Calculus I is one the most fundamental courses for college level science, technology, engineering, and mathematics intended majors. In the fall of 2010, there were over 300,000 US college students taking Calculus I yet these universities are struggling with high attrition and failure rates in calculus. In fact, the recent National Study of College Calculus, conducted by the Mathematical Association of America with support from the National Science Foundation, observed that success rates in Calculus I are very low for traditional students, and even lower for non-traditional students. Students also express concerns about the insufficiency of information covered in the course and the lack of opportunities to practice learned pedagogy. Therefore, students struggle in practicing complex steps of calculus.
Dr. Ozer explains his new approach to Calculus. “I have been an advocate of the new trend in teaching Calculus courses by the support of cutting-edge technologies in addition to the traditional teaching techniques. This allowed me to help solving the complex problem of student learning in calculus courses. This approach is time-costly and it this requires very long planning and preparation of the materials such 3D and 2D Wolfram’s Demonstration Projects, in addition to the recently popularized Desmos and Geogebra simulations. The main rationale behind creating the content is simple: with its rules, formulas and derivations, calculus can be overwhelming for some students, and without simulations, it is so dry.” Dr. Ozer explains that he wants to show students another side of calculus with visuals that make it more fun and digestible.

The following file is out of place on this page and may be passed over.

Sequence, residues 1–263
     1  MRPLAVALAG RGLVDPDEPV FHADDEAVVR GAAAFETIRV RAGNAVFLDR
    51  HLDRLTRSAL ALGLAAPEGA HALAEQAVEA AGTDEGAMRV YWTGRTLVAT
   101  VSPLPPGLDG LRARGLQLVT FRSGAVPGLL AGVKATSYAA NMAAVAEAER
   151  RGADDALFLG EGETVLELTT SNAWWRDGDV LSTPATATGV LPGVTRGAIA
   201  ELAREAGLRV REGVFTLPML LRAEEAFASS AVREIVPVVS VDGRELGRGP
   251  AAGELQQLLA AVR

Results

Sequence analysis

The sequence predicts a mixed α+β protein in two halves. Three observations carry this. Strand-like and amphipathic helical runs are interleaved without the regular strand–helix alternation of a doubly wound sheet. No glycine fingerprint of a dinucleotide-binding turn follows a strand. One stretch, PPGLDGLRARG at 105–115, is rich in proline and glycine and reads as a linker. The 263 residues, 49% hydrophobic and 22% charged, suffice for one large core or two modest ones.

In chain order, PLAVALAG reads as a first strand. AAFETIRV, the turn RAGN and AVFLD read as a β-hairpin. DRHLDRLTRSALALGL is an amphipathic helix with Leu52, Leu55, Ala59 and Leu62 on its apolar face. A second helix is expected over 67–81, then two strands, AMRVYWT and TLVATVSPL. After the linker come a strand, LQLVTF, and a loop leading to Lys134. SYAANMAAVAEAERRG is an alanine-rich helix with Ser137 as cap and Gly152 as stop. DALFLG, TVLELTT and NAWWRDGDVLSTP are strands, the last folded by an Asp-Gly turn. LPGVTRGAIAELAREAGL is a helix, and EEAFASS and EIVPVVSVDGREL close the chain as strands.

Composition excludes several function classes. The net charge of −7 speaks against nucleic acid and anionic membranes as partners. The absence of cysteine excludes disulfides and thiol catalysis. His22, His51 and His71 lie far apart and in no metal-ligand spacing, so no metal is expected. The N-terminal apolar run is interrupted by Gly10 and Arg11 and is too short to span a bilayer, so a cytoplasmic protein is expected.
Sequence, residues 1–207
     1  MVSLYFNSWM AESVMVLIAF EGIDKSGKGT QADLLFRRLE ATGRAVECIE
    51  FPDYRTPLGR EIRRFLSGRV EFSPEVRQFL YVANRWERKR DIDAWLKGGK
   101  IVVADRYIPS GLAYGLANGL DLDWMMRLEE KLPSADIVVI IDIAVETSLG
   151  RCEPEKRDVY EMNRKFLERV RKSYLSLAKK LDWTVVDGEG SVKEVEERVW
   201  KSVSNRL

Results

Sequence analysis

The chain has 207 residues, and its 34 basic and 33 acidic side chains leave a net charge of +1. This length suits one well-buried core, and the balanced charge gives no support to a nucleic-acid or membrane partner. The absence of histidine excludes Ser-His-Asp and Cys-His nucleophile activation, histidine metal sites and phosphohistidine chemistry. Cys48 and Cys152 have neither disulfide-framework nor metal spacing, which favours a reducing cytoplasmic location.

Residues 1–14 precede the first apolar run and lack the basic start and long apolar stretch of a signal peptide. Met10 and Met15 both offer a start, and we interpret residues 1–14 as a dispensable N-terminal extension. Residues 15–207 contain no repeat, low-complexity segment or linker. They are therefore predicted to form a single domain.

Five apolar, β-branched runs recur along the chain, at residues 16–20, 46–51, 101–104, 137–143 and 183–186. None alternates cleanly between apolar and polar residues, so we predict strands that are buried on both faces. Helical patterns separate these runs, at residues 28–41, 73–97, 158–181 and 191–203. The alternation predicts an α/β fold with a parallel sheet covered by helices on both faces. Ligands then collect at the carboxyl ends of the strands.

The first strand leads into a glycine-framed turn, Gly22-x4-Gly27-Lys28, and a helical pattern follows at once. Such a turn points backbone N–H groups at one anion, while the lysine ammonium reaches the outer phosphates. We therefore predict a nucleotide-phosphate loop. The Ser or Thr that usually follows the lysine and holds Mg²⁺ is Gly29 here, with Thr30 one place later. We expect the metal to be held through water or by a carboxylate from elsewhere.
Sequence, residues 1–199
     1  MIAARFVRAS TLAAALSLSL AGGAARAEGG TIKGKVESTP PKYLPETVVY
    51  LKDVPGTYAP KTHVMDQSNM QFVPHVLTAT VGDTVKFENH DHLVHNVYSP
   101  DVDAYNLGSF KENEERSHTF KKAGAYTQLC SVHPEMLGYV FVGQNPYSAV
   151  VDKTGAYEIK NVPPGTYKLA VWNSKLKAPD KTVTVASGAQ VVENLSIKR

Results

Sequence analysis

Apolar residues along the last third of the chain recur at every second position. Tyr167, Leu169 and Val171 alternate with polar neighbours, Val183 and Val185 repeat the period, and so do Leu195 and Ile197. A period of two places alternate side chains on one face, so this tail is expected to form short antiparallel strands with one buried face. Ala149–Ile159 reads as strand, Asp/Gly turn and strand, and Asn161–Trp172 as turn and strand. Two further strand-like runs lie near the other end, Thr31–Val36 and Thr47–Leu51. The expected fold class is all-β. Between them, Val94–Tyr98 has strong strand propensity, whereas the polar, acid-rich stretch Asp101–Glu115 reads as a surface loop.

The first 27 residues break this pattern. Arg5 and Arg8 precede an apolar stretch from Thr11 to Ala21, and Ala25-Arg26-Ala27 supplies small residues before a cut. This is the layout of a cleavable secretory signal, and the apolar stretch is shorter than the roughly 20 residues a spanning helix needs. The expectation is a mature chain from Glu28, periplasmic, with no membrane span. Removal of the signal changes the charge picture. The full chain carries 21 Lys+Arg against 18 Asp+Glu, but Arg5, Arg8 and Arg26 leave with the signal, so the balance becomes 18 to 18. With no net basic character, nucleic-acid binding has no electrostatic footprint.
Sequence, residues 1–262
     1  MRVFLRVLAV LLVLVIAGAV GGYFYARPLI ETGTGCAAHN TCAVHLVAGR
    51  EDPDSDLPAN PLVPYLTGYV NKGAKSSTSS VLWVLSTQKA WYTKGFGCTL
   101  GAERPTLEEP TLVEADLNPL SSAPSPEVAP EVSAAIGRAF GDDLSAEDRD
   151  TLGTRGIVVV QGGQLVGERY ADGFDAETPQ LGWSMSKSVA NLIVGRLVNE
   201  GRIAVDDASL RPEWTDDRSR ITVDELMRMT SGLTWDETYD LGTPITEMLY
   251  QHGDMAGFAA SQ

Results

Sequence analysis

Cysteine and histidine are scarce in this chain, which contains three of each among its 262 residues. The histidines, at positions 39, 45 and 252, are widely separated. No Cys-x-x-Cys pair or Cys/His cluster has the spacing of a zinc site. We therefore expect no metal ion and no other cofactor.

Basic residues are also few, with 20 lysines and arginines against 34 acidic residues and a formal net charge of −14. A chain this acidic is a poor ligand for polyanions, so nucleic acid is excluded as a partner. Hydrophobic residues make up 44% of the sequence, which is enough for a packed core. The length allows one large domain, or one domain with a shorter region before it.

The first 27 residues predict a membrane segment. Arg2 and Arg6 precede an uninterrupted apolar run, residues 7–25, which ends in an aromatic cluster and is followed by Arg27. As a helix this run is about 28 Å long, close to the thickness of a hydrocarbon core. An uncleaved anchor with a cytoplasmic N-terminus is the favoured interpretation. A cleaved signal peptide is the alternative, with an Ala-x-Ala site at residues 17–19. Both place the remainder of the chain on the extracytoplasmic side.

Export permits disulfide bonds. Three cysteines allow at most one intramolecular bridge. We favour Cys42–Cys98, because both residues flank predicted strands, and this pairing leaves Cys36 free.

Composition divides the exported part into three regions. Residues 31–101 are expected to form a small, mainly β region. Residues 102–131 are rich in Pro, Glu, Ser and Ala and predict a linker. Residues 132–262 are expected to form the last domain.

“Everything started with recording recitation videos for calculus sections because recitations (tutorial sessions) are the biggest problem for calculus sections. Students give up at some point so we don’t want students to give up. I was simply recording videos at my WKU office using a ring light with stand and an iPhone in front of a whiteboard. Then, I discovered the CITL studio and its lite-touch board technology they have been using. After recording 175 videos there two summers ago, I started recording videos at my home office since it is 10 times easier having a green screen technology set at my home studio. Since then, I have speeded up substantially in recording and reached over 700 videos in less than two years. It was a long learning curve to adopt all of this technology.”